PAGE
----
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3. In this way we already obtain a glimpse into the relation of multiplicity to unity in the idea of the world.

An antinomy here meets us. If multiplication of the life of love in the universe is a good thing, nay, the final cause of a world outside God, then an absolutely unlimited number of living beings seems requisite, a consequence of which would be an infinite host of worlds, successive or simultaneous. But, on the other hand, the interests of reason require a unity of the many, and it is part of the world's excellence for its various members through mutual want and supply to form a perfect organism, so that the notion is inadmissible of the world consisting of many totalities absolutely out of relation to each other. The solution of the antinomy is as follows. An absolutely unlimited number of personalities, destined for the true spirit-life, is unthinkable; for then must even the same individuals have had power to repeat themselves, in order that the very number might be infinitely great. But this would be no infinite enrichment of the life of love, but without use and aim. The number, therefore, is not to be considered absolutely unlimited; it is limited by the end in view. Only such spiritual personalities are created as are able by reciprocity of giving and receiving to subserve the life of love, every one having something distinctive. Thus the end of God's creative love and wisdom cannot be a poor infinity of countless individuals, but only that the complement of possible individualities considered as capable of special excellence may be filled up. But while multiplicity is thus obtained in the world, i.e. a limited one, unity amid this multiplicity, despite its power of growth, is secured. As certainly as the end is a definite one, does it require a definite complement. A perfect organism must neither be burdened by a too-much nor suffer from a too-little, but is an unbroken although progressive cycle, in which everything has its place, and each exists for each. To the universe as the subject of

. love it pertains that its members are all destined for each other, love being only able to manifest itself in this way. Consequently love, as it is the causal principle of the origin of the world, so is it by essential nature the bond of unity in the living world. The particular members, which are themselves in turn relative totalities, can of course only be different

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by one having something which the other lacks. But wherein one has no productiveness, it may still have receptiveness in respect to others. Thus these defects are no hindrance to the unity of the spirit of love, which may govern in every member, nay, by mutual intercourse convert even defects into an instrument of living, reciprocal communion, in which each member may regard all as its own. Thus, through the idea of the organism-despite its progressive nature—whose soul is love, and which the world is meant to exhibit, it comes to pass that the world is a limited, not excessive multiplicity, and at the same time a unity. But that the world may be an ethical organism, God destines it to be an image of Himself, as well of His perfections as of His triune character, and this in such a manner that, through His existence in it, through His selfcommunication, it may be a perfect image of Him, a likeness of God realized in cosmical form.? If the world-idea has a share in representing the Trinity, as the above-quoted numerous analogies ($ 30, 3) may indicate, still more is this capable of proof with respect to self-conscious spiritual and ethical beings. And in this is implied withal a participation of the world in all perfections, physical, spiritual, and ethical. But these various endowments can by no means be implanted in the world forthwith in perfectly realized unity in the way in which they are united in God. The world's perfection and unity will exist at first as a rudiment, that by means of freedom it may grow to that ethical organism which, while different from God, is also united with Him. These rudiments will differ in different members, accordingly as one or the other divine perfection forms for the individual as such the dominant or representative one. But still all in a certain sense accessible to all.3 Further, these various endowments will, in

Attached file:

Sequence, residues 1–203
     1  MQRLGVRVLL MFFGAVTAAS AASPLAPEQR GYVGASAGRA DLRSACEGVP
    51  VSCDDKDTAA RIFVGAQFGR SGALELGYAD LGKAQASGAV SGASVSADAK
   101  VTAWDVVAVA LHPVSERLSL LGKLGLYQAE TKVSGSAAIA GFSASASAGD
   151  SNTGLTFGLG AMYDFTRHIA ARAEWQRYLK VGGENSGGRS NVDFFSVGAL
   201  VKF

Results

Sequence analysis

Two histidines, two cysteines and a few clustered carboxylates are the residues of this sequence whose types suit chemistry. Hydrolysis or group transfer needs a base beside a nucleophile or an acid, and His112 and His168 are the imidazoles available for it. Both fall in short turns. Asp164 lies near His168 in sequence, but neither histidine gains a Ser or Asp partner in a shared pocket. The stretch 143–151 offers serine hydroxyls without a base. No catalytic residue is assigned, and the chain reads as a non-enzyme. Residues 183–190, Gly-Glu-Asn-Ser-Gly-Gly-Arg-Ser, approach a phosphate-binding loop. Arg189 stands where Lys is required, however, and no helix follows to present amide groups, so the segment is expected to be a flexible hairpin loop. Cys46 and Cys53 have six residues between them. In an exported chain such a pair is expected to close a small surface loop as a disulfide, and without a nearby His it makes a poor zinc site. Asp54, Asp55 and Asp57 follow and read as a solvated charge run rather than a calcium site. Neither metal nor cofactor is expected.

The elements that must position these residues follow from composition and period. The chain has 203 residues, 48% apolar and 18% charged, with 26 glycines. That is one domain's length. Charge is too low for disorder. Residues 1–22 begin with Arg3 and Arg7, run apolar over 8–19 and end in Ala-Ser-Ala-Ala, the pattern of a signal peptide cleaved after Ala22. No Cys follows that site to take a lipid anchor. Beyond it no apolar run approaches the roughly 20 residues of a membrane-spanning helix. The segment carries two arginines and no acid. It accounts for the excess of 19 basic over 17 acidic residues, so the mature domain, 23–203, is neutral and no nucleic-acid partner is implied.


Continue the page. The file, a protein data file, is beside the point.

1 1 Cor. ii. 23.

2 Gen. i. 26. 3 Origen derives diversity from freedom, from differences of moral conduct. But this would involve the possibility of one and the same thing repeating itself an infinite number of times. He then tries to check unlimited diversity by limiting the divine knowledge ; but, on the other hand, according to the Leibnitzian principium indiscernibilium, what is not different in itself must be taken as identical. Thomas v. Aq. says better: Sapientia Dei is causa distinctionis rerum propter perfectionem universi, ita et inaqualitatis. Only he takes these diffcrences not in qualitative, but merely in a quantitative sense, the lower stages as defectus in Being, which is for him synonymous with evil. God is for him absolute Being. Here, therefore, is an unsuppressed strain of 1 Summa 1. 9, 46, Art. 2. Hence in conclusion he merely reckons it credibile, not scibile or demonstrabile, that the world had a beginning.

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the first instance, be external to each other, but so constituted that, by virtue of the idea of organism pervading them all, they form relative worlds, e.g. the world of nature, of art, of philosophy, of morality, which again are connected by secret inner bonds, nay, together form one system, the organism of the entire progressive world, which, like a reflected orb of splendour, is the living mirror of the one divine Sun,

Observation 1.-Is it consonant with the idea of love for the imperfect, which the world still is in comparison with God, to spring from the perfect? As the world can only be comprehended from the standpoint of the perfect, and the existence of more than one absolute is inconceivable, either there can be no world at all or only one not absolute, i.e. one destitute of self-existence (Ascität). But such a world may still be receptive of all other divine perfections, nay, on the ground of God's self-existence represent self-existence ($ 33); and if at first it is necessarily imperfect, in order that scope may be left for the free play of self-determination, even this, again, is neither evil nor a contradiction, but part of the world's excellence.